The Uganda National Examinations Board (Uneb) has registered improved performance in this year’s Primary Leaving Examinations (PLE) results despite disruptions in the education calendar due to the Covid-19 pandemic.
At least 749,761 candidates from 14,300 centres registered for PLE in 2020 compared to 695,804 in 2019. Of these, 513,085 (68.4 per cent) candidates were UPE beneficiaries and 236, 677 (31.6 per cent) were candidates from private schools.
The 2020 examinations also brought together more than 30,000 examination supervisors and invigilators and about 6,000 examiners, checkers and adjudicators, and other temporary staff at the 12 examiners marking venues.
While releasing the results at Statehouse in Entebbe today Friday, Uneb executive secretary, Dan N. Odongo, noted an increase in candidature by 53,957 (7.75 per cent), the highest rate of increase recorded. Candidature has been increasing by an average of 2.5 per cent over the last five years.
While 749,761 candidates registered, only 736,942 sat the examinations. Of these, Odongo said at least 659,910 candidates passed the exams conducted on March 30 and 31, 2021.
“The successful candidates are eligible for admission in post primary institutions compared to 617,150 candidates who passed in the previous year. A candidate is deemed to have passed if he/she obtains divisional grades of one, two, three, and four,” Odongo said.
Cumulatively, more candidates obtained division one at 11.1 per cent (81,864) compared to 10.1 per cent (69,243) in 2019. According to the 2020 results, 416,575 candidates (56.7 per cent) excelled in division two, 562, 717 (76.6 per cent) in division three, and 659,910 (89.8 per cent) in division four.
Some 74,878 candidates (10.2 per cent) failed the exams in 2020 and are advised to repeat. This failure rate, however, is higher than that of 2019 at 4.5 per cent with 233,729 ungraded candidates. Uneb statistics indicate that candidates from private schools continued to perform better than their counterparts in UPE schools across all the four divisions.
Out of the 501,059 UPE candidates who sat the exams, only 26, 127 (5.2 per cent) passed in division one compared to 55,737 (23.9 per cent) that excelled in the same grade from private schools.
Odongo said Uneb reports have consistently shown that learners from urban private schools achieve at higher levels of proficiency than their peers in UPE rural settings miss.
He cited the fact that teachers in urban schools tend to spend more time on task, parental involvement in the learning process, and better access to facilities that supplement classroom teaching.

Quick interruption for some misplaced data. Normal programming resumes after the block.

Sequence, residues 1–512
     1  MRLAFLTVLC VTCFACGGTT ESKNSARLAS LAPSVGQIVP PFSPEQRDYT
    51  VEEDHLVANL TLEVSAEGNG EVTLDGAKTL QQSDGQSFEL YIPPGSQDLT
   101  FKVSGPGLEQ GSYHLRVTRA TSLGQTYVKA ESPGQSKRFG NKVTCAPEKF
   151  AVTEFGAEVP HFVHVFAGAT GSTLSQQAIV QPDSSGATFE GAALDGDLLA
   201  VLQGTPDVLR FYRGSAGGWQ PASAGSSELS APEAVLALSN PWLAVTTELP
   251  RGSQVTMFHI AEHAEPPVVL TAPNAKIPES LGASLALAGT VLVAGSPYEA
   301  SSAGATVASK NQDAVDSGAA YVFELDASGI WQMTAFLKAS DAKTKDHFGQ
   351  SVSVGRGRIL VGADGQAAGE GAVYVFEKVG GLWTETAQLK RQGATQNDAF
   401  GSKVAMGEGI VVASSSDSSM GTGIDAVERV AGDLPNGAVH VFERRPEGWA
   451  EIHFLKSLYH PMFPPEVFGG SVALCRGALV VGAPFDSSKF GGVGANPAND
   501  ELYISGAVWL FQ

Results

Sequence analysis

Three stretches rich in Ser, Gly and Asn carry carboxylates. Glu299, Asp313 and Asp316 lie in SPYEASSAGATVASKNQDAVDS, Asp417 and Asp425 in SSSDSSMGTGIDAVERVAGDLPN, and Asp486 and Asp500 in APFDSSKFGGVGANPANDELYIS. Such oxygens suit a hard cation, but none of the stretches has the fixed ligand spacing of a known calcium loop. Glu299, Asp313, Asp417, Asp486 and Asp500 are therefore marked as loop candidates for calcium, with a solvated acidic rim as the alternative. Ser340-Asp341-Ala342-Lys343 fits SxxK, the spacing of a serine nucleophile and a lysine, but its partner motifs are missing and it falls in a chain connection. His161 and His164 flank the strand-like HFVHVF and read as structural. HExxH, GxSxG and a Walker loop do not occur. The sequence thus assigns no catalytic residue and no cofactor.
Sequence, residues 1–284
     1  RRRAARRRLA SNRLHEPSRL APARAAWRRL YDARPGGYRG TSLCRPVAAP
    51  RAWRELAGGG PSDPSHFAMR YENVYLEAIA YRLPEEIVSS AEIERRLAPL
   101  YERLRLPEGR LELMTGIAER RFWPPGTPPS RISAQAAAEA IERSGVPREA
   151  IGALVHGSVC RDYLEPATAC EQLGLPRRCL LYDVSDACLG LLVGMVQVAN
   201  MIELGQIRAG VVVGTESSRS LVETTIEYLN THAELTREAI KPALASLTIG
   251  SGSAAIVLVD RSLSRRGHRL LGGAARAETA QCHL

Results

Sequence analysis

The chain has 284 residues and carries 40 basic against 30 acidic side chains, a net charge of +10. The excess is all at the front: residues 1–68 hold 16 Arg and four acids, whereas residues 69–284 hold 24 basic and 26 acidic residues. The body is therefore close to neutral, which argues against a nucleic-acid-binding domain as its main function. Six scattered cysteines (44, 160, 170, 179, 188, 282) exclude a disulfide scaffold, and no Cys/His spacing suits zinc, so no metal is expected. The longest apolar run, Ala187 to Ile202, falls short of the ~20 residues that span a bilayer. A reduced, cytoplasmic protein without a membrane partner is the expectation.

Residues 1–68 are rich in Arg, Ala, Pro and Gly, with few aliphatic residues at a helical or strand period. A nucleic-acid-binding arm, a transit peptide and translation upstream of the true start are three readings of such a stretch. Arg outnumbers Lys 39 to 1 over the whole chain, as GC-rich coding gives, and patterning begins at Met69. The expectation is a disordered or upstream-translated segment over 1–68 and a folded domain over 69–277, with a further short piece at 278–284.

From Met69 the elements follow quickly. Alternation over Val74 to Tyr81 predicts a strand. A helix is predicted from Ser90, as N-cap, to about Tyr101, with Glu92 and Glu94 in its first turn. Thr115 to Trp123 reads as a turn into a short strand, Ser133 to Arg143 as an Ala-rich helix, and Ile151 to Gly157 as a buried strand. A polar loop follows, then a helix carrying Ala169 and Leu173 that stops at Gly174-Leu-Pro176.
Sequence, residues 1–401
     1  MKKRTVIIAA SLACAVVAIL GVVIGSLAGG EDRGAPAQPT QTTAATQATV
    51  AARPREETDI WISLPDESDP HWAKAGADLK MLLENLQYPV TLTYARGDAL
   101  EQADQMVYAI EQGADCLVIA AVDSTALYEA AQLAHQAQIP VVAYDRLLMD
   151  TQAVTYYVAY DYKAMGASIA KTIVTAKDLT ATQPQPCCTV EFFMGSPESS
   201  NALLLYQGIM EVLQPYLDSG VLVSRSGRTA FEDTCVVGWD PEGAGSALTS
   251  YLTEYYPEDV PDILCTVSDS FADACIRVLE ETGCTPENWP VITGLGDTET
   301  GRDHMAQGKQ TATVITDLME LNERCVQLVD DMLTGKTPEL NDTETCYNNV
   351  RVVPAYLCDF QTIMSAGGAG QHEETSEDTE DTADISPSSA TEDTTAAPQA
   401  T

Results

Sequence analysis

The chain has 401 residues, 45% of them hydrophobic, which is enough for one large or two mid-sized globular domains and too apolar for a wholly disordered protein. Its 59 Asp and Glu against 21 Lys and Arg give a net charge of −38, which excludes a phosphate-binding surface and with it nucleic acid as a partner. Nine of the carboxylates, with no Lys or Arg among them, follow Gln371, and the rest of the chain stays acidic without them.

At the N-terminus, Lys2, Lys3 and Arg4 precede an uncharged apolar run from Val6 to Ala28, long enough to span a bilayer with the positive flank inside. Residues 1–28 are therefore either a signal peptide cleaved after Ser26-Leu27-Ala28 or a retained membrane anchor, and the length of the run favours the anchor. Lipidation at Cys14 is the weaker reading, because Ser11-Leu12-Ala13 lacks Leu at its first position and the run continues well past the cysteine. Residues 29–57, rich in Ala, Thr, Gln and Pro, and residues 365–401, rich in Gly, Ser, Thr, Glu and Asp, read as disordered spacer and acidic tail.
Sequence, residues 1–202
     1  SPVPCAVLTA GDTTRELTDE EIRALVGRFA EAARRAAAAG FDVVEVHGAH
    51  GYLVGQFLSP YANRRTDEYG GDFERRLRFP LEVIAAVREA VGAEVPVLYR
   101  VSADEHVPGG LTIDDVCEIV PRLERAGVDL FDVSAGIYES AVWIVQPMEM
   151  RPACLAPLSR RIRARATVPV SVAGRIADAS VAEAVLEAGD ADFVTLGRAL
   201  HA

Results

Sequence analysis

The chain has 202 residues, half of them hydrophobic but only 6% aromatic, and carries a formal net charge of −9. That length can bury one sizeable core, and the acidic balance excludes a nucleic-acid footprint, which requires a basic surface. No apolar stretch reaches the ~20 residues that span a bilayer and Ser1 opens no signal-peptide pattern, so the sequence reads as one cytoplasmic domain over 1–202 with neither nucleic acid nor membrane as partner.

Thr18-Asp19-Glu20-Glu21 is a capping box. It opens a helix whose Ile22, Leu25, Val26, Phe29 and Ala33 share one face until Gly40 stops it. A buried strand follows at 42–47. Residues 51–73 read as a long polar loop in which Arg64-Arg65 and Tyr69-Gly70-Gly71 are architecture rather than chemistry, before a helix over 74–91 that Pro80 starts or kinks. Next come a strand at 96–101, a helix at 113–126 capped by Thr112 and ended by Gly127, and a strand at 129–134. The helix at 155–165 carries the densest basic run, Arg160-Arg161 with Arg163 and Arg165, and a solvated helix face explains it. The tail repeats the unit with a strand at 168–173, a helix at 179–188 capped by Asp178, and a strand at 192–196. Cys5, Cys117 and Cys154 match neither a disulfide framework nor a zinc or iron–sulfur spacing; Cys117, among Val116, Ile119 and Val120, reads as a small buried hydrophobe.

For the last five years, the number of girls sitting PLE has been higher than that of the boys and it was not different this year where 395,836 (52.8 per cent) girls registered for the exams against 353,925 (47.2 per cent) boys.
During the release at Entebbe, Uneb chairperson Prof Mary Okwakol said more females registered this time contrary to the board’s expectation thus necessitating an inquiry.
“One of the findings is that in the districts of Kampala, Wakiso and other urban centres, a number of head teachers admitted that they registered primary six pupils mostly girls to sit for PLE. The reason was that parents were worried about the girls’ fast growth and uncertainties surrounding their going back to school soon,” Okwakol said.
Overall, males performed better than females and recorded a lower failure rate. For instance, some 44,877 (12.9 per cent) males passed in division one compared to 36,987 (9.5 per cent) females. The failure rate of females also remained high at 11.3 per cent while males recorded 8.9 per cent.
By subject, females out-competed males in English language but the reverse is true for the other three subjects; Social Studies with Religious Education, Integrated Science, and Mathematics.
However, as reported in previous years, Odongo said candidates’ performance in English and Mathematics tended to be poorer in questions requiring free expression or application of learned concepts in problem solving situations.
“Candidates performed better in questions that were direct and based on recall. Examiners again reported good handwriting an organised work even if the answers were wrong,” Odongo said.
Meanwhile, the number of candidates scoring zero in various subjects has also generally increased compared to the previous year.
Social Studies with Religious Education remained the best done subject as in the previous years with performance improvement at distinction and credit levels. It is followed by English which recorded an overall improvement in performance at minimum pass level though distinction level passes declined slightly.
Integrated Science recorded an improved performance at distinction level but overall pass level declined slightly while Mathematics had a slight drop in performance across all pass levels.
Meanwhile, at Luzira prison, of the 58 candidates who registered, 53 sat and five passed in division one, 23 obtained division two, 11 in division three and four each while three were ungraded.
It’s worth noting that all statistics released today do not include results of 2,220 candidates that were withheld pending completion of malpractice investigations. The largest number of withheld results are from Bundibugyo and Kasese districts.
Schools whose results are withheld will be notified through their district inspectors of schools.